Simplicity: One Skillet Pasta

I was inspired by a recipe in the most recent issue of Martha Stewart Living, on page 154 (gorgeous full-page photo on page 100 I might add). The concept was a duh moment. Cook everything, in one skillet. No draining. Dinner is ready in 15 minutes. Funny is, I have cooked pasta in a similar fashion, when hiking. It never occurred to me to do this at home.

The pasta itself is customizable. I mostly followed the recipe, but one could add whatever vegetables they craved. I swapped in multi-grain pasta, used half the salt and adjusted the water due to using a bit more pasta than called for. And…one coudl easily use broth instead of water, minus the salt, for an even better option.


A bonus? Image having this on a summer evening, made with just picked tomatoes and basil….


One Skillet Pasta


  • 13.25 ounce package multi-grain linguine pasta (or 12 ounces white pasta)
  • 10 to 12 ounces cherry or grape tomatoes, quartered or halved, depending on size
  • 1 sweet onion, peeled and sliced thinly
  • 4 large cloves garlic, peeled and thinly sliced
  • ½ tsp red pepper flakes (use ¼ tsp if you don’t like it really spicy)
  • 2 large sprigs basil, leaves picked off, stems discarded + extra leaves for topping
  • 2 Tbsp extra virgin olive oil
  • 1 tsp fine sea salt
  • ¼ tsp ground black pepper
  • 5 cups water


Break linguine in half, place in a large/deep skillet. Add remaining ingredients on top, bring to a boil over high heat. Cook for about 9 minutes, stirring and tossing the pasta with tongs often, until most of the water has evaporated, and the pasta is al dente.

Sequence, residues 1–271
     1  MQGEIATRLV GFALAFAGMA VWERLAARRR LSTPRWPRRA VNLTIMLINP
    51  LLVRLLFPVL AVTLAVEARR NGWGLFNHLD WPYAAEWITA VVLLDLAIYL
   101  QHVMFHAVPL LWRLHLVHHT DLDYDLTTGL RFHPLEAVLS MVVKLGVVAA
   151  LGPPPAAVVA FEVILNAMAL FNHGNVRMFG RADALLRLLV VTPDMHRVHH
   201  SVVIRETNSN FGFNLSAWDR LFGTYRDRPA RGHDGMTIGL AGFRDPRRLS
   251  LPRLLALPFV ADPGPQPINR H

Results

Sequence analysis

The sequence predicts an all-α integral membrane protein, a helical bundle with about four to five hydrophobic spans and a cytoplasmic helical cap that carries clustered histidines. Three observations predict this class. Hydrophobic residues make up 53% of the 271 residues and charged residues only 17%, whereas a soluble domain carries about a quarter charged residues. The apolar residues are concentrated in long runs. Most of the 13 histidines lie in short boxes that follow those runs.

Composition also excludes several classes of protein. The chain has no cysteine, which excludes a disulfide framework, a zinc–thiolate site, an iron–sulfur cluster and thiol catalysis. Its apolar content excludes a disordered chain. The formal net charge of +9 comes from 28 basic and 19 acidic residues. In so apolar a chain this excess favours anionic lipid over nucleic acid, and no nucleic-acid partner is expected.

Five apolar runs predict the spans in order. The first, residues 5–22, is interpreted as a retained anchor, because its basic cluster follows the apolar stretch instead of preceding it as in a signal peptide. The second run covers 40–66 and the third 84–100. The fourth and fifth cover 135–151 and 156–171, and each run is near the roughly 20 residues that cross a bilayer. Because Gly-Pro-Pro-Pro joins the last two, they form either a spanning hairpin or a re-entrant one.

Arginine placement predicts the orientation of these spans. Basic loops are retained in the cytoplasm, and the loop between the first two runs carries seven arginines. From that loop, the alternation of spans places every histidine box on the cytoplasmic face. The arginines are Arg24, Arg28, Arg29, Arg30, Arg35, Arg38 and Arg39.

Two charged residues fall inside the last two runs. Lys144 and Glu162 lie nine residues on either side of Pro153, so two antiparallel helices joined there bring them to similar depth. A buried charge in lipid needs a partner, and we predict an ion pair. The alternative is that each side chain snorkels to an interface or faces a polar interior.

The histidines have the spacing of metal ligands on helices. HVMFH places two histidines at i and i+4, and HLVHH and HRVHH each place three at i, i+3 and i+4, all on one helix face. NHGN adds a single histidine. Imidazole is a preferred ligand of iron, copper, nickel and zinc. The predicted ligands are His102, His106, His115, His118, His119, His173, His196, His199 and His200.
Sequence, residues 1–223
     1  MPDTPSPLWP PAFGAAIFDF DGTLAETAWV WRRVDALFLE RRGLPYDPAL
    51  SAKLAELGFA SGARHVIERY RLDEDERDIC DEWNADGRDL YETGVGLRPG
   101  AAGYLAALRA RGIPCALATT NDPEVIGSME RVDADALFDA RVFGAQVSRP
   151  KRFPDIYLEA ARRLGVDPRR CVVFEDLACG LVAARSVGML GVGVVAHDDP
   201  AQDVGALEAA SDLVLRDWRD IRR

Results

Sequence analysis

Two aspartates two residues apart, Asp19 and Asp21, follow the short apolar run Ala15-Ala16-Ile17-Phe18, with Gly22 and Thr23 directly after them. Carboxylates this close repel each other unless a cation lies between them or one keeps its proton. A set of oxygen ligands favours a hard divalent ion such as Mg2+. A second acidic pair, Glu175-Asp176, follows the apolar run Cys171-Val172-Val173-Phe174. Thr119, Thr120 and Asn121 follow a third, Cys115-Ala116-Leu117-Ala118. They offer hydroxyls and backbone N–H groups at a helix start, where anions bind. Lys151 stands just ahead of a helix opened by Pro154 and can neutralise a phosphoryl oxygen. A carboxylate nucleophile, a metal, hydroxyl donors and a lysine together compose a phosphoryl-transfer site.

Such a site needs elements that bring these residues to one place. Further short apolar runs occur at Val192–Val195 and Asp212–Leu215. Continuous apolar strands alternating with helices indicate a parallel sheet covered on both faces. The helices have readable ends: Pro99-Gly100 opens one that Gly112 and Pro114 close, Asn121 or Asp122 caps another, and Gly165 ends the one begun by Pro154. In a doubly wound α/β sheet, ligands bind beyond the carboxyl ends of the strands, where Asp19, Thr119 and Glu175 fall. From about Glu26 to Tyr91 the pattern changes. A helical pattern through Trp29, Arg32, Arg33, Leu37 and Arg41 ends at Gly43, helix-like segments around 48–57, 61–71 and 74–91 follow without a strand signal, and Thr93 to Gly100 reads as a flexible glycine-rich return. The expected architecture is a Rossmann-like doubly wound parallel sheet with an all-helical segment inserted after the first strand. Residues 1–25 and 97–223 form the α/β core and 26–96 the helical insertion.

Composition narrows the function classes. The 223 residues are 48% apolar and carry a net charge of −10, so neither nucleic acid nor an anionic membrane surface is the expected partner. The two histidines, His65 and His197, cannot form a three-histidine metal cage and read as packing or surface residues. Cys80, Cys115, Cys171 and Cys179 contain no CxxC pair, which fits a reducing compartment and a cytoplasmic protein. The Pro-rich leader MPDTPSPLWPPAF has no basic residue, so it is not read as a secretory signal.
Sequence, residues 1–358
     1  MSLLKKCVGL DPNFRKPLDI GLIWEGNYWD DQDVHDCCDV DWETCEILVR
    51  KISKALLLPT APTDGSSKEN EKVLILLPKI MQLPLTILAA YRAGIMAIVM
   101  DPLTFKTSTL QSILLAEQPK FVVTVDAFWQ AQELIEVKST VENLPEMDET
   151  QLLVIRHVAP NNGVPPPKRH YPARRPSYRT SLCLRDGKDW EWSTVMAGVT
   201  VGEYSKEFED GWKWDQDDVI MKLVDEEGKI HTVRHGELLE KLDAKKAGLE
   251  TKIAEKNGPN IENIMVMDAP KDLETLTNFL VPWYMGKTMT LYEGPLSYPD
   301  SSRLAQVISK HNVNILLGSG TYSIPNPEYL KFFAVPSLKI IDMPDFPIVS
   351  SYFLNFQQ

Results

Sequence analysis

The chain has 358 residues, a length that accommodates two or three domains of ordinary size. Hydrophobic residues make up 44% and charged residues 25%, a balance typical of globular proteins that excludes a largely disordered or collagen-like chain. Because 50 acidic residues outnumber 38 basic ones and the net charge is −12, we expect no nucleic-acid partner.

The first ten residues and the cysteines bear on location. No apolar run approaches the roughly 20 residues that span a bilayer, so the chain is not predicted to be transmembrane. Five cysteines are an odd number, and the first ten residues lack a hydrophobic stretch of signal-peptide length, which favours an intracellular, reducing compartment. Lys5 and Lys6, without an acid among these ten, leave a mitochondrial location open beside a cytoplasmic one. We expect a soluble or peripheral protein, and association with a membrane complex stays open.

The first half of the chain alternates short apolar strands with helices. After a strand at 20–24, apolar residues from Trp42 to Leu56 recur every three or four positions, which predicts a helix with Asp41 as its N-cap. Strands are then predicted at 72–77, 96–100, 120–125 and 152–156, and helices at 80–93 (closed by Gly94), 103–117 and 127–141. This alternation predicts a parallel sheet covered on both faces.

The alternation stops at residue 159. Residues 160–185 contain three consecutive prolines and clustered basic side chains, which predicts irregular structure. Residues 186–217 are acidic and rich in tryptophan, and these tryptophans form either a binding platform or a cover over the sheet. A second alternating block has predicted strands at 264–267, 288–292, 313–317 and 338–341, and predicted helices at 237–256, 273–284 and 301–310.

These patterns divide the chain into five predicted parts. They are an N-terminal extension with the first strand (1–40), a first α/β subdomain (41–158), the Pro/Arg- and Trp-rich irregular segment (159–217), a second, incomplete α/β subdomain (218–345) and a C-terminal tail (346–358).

Serve topped with more basil leaves torn and a drizzle more olive oil, if desired. If desired toss with a little faux-Parmesan or sesame seeds.

Vegetarian option:

Finely grate a small pile of pecorino romano or Parmesan cheese, toss with the pasta after taking off the heat, and a bit more to top with before eating.

Serves 4.



Carrot and Peanut Noodles



I prepared this cheerful dish a few weeks back for the family, the toddler enjoyed it quite a bit. The color is what I liked, it felt very inviting.


Carrot and Peanut Noodles


  • 1 Tbsp olive oil
  • 1 medium sweet onion, peeled and chopped
  • 1 pound carrots, peeled and sliced
  • 3 cloves garlic, chopped
  • 1 Tbsp fresh ginger, grated
  • 2 Tbsp lower sodium soy sauce
  • 1 heaping Tbsp natural chunky peanut butter
  • 2 Tbsp warm water
  • 1 pound pasta, any desired shape
  • Raw sesame seed for topping


Heat a large skillet over medium. Add oil, onion and carrots, sauté for a few minutes, add in garlic and ginger, cover tightly and cook for 15 minutes, shaking pan periodically and stirring. Take off heat and let cool for a few minutes.

Meanwhile, bring a large pot of salted water to boil, add pasta and cook as directed. Reserve 1 cup pasta water, drain pasta.